Frontcourt #1, LaMarcus Aldridge: Aldridge is having a career year, posting some of his best numbers in assists, rebounds, and turnovers. Because of the Blazers’ success and his stellar play (ninth overall in WS), his name has entered the MVP conversation. That might be a stretch–LA’s teammates deserve more credit than they’re given for the team’s success–but there’s no doubt he’s an All-Star.
Frontcourt #2, Dwight Howard: Dwight’s offensive and defensive numbers are down from his Orlando days, but a lesser Dwight is probably still good enough for the title of “best center in the league.” His Rockets are only an average defensive team, but they remain championship contenders given their strong showings against the league’s best teams. As his team continues to gel, don’t sleep on the Rockets come playoff time.
Frontcourt #3, Dirk Nowitzki: Many wrote off Dirk and the Mavs going into the season, citing their offseason moves as impulsive and wasteful. Now, his team his firmly in the playoff hunt. Leave it to Dirk to make it work. While he might not be worthy in terms of WS (20th league-wide) or VORP (22nd), his plus-minus numbers are strong and he’s shooting the ball as well as he has in years, partially due to his rededication to letting it fly from deep.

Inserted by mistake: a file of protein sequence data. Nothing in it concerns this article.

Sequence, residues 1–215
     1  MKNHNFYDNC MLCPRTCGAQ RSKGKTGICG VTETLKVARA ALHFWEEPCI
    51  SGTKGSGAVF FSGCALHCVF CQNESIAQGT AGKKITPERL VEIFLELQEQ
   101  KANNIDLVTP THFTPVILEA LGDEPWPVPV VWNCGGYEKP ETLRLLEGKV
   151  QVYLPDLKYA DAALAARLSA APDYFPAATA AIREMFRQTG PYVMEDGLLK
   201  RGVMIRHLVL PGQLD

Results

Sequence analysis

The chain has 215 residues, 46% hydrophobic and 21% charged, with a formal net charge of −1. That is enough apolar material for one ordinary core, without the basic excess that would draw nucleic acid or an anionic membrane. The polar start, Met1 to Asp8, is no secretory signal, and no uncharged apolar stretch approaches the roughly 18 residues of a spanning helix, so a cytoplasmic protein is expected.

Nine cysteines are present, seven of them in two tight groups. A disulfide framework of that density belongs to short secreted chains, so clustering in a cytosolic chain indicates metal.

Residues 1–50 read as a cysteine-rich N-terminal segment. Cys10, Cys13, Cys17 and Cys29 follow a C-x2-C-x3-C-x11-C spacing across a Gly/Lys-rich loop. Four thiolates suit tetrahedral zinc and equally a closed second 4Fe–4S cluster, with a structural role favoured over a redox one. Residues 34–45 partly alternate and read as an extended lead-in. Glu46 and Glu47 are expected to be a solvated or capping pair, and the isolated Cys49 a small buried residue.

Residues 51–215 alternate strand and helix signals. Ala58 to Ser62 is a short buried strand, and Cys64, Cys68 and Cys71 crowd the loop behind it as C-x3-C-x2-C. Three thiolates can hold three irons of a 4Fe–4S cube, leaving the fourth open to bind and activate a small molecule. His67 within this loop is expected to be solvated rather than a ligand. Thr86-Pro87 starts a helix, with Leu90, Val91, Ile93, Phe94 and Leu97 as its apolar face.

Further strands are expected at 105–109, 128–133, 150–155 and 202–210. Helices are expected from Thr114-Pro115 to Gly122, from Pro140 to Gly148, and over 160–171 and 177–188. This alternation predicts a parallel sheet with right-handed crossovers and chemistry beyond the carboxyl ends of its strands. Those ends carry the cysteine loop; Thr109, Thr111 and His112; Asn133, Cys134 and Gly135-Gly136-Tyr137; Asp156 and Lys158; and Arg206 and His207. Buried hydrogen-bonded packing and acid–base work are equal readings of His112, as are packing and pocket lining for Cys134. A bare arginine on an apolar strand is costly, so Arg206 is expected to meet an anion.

Wildcard #1, Anthony Davis: Picking Davis for this spot is difficult–he’s missed time due to injury, his team has disappointed, and his plus-minus numbers are rocky. But his gross production in spite of those injuries, combined with his highlight-centric style, make him an appropriate pick. He ranks 16th in WS, which is mighty impressive considering a) he’s played fewer games than everyone above him except Chris Paul, and b) WS is a stat that typically favors players on good teams.
Wildcard #2, Goran Dragic: It’s difficult not to reward a Sun, given the team’s surprising success this season. Both Bledsoe and Dragic have been revelations this season, providing valuable versatility, unselfishness, shooting, and defense. Dragic has held the team together in the face of EB’s injury; on the season he ranks 18th in WS. His handle and clever passing should add to the show in New Orleans.
Notable Snubs: Tim Duncan, Tony Parker, Manu Ginobili, DeMarcus Cousins, David Lee, Mike Conley, Isaiah Thomas, Klay Thompson, Monta Ellis, Nic Batum, Serge Ibaka, DeAndre Jordan, Ty Lawson, Nikola Pekovic, Zach Randolph, Kawhi Leonard, Wesley Matthews, Chandler Parsons, among others.
What do you think of the our All-Star picks? Who was the biggest snub and most undeserving starter? Comment on the article or e-mail us at AGRbasketball (at) gmail (dot) com. Don’t forget to follow @AGRbasketball on Twitter and to like us on Facebook.